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Posts Tagged ‘life lessons’

strawberry rhubarb crisp

I saw a recent post on Dinner: A Love Story in which Jenny and Andy, the writers of that blog, thanked the folks who have taught them important lessons in the kitchen.

Naturally, it got me thinking about my own kitchen teachers, and I thought I’d write a few thank-you notes of my own.

  • Thank you, Ryan and Amy, for teaching me about the joys of rhubarb in the summertime – and for sending me home with armloads of rhubarb from your backyard.
  • Thank you, Cockney fruit sellers at the Oxford farmers’ market, for hawking your (delicious) wares in rhyme and making me smile when you call me “luv.”
  • Thank you, Jacque and Jamie, for teaching me to whip up a meal out of whatever’s in the cupboards, often topped with a fried egg.
  • Thank you, Elizabeth, for teaching me about the versatile deliciousness of stir-fry.
  • Thank you, Marcela, for teaching me how to tell if a mango is ripe, and how to eat them savory (with salt and lime juice) and sweet (in desserts, or simply cut into juicy chunks).
  • Thank you, Janine and Jacque, for teaching me how to brew real English tea.
  • Thank you, Dad, for teaching me to add a little vanilla to pancake batter.
  • Thank you, Julie, for teaching me to use real butter.
  • Thank you, Amanda Hesser, for teaching me that the key to great scrambled eggs is low heat, real butter and patience.
  • Thank you, Pop, for teaching me to make chocolate chip cookies (and the importance of quality control).
  • Thank you, Neno, for teaching me how to snap green beans, how to cook fresh peas from the garden, and for applying calamine lotion to the chigger bites I got picking raspberries on your farm.
  • Thank you, Molly Wizenberg and Ron Morgan, for two very different but equally perfect scone recipes.
  • Thank you, Mimi, for teaching me to laugh about kitchen mistakes.
  • Thank you to the dungeon guys for eating everything I ever baked for you, with relish – even the less-than-perfect cookies and fruit crumbles.
  • Thank you, Lizzie, for introducing me to the restorative powers of apple crumble with fresh custard (either homemade or from Tesco).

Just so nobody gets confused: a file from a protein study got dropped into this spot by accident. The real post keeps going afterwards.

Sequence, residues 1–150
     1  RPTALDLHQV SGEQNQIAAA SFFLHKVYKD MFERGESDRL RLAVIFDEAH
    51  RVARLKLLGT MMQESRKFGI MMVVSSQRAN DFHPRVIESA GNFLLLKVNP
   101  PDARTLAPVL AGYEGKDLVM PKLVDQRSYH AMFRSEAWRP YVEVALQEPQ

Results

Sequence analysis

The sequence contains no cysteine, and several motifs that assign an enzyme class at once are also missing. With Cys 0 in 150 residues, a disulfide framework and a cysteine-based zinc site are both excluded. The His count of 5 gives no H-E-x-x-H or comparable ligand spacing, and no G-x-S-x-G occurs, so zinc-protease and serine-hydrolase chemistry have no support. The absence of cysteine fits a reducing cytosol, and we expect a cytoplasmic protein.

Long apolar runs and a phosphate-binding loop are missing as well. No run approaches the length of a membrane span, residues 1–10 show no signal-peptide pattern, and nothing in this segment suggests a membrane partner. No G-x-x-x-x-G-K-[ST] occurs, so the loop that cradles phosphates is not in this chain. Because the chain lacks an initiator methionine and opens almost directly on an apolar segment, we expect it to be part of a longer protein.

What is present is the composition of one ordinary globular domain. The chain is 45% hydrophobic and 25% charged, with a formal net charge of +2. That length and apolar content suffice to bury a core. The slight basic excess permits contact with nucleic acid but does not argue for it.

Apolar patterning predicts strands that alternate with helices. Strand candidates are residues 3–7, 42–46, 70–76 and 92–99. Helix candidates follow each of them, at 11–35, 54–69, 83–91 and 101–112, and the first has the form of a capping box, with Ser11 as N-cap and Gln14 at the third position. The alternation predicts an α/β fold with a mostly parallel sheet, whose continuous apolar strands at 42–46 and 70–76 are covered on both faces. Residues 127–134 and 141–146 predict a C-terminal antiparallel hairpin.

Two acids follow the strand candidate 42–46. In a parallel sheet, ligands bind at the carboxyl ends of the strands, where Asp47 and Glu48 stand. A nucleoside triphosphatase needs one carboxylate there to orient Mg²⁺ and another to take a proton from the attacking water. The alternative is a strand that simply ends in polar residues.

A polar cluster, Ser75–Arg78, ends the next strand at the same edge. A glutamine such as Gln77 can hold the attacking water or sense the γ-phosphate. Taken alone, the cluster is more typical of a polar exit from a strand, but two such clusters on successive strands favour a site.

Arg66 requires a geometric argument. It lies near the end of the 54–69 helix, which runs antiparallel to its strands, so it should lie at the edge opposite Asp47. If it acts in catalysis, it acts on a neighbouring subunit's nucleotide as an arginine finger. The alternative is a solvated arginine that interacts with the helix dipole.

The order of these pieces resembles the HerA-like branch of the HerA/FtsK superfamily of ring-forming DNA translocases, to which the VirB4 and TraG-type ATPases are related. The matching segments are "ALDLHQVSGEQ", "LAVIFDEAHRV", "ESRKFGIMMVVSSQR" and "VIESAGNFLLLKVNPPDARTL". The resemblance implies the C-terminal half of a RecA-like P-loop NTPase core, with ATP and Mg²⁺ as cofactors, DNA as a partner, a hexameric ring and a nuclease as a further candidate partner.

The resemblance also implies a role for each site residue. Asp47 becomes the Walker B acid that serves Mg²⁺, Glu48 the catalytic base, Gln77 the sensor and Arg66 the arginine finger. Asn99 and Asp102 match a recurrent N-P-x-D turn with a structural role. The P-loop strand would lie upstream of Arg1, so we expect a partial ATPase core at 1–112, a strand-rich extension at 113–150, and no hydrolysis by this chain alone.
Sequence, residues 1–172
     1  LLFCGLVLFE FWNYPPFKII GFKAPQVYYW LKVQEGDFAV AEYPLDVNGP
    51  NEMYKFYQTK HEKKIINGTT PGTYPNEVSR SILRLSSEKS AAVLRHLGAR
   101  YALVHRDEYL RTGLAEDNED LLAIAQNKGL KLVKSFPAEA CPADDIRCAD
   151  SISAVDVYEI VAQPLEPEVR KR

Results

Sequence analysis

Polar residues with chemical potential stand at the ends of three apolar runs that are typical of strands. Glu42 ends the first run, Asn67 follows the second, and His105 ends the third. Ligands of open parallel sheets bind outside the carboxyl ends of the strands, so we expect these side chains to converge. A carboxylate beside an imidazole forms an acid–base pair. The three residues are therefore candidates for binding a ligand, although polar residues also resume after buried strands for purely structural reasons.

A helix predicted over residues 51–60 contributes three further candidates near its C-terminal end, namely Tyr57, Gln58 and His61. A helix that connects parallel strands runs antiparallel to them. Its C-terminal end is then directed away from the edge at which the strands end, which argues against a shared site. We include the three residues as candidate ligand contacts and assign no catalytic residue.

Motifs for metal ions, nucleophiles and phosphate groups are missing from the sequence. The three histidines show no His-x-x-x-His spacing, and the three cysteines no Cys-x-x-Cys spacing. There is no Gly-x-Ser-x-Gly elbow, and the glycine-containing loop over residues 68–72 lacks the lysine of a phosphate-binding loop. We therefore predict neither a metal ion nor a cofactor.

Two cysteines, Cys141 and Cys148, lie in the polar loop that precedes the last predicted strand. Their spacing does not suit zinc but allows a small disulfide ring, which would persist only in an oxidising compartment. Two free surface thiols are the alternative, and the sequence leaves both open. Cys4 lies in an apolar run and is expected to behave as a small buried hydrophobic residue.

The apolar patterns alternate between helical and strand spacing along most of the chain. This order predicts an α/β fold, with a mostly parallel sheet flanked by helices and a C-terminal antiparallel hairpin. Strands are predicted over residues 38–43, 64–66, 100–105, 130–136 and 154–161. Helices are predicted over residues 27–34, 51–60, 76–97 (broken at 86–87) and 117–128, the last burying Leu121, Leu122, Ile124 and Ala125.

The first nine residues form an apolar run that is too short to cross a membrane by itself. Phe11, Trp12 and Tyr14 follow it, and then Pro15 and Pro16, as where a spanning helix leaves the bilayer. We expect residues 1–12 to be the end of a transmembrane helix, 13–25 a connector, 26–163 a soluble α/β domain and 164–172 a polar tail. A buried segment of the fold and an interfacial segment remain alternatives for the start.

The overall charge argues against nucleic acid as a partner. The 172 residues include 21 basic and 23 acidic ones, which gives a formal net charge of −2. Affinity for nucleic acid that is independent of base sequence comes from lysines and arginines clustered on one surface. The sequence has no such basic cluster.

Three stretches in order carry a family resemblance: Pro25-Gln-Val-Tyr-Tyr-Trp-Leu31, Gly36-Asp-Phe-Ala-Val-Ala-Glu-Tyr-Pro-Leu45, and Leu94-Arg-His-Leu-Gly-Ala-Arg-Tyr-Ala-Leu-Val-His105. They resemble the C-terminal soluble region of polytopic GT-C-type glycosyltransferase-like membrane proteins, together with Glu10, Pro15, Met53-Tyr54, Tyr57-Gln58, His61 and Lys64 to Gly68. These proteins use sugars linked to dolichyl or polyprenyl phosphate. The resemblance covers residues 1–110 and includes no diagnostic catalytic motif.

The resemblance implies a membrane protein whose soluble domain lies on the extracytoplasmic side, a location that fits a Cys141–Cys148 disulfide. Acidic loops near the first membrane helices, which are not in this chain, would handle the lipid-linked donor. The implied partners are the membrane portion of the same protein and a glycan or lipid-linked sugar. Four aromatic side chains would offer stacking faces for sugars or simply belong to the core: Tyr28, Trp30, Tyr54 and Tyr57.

• Thank you, Bethany, for sharing your love of creative sauces and dressings, and your mom’s homemade peppermint fudge.
  • Thank you, Happy, for teaching me to love goat cheese.
  • Thank you, Mom, for teaching me how to boil water, make guacamole, plan meals, grocery shop, and bake and cook a hundred dishes. And thank you for teaching me that dinner is at the center of family life.

Who are your kitchen teachers? And what important lessons (or great tips!) would you thank them for?

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modern family promo poster season 1

Recently, the hubs and I tried Modern Family, on the recommendation of several friends. We’re not big TV watchers, but we like to have a show (preferably a comedy) to watch together, if we need a laugh in the evenings. As much as we love our Friends DVDs, we were hankering for something new.

After blowing through the first season of Modern Family in less than a month, I’d say we’re hooked.

In case you’re a little behind on your TV shows (like us), Modern Family is a comedy featuring three branches of the Pritchett clan: patriarch Jay and his second wife Gloria; Jay’s daughter Claire and her husband Phil; and Jay’s son Mitchell and his partner, Cameron (along with their assorted children). They all live near one another in California, and they manage to get themselves into an astonishing number of absurd situations in every single episode. (I haven’t heard my husband laugh so hard in months.)

The show centers on the everyday dramas of family life: juggling everyone’s schedules and needs, communicating honestly with your partner, navigating the dynamics of various relationships. There are misunderstandings and fights and a few tears, especially from dramatic teenager Haley. There’s also lots of hilarity: Claire and Mitchell recreating an old ice-dancing routine in a parking lot; Phil constantly trying to be a “cool” dad.

All the characters are great, but we each have our favorites. My husband loves flamboyant, oversensitive Cameron; I’m partial to big-hearted Gloria, with her hilarious linguistic gaffes and Colombian accent (which I love to imitate). But the character to whom I relate most is Claire.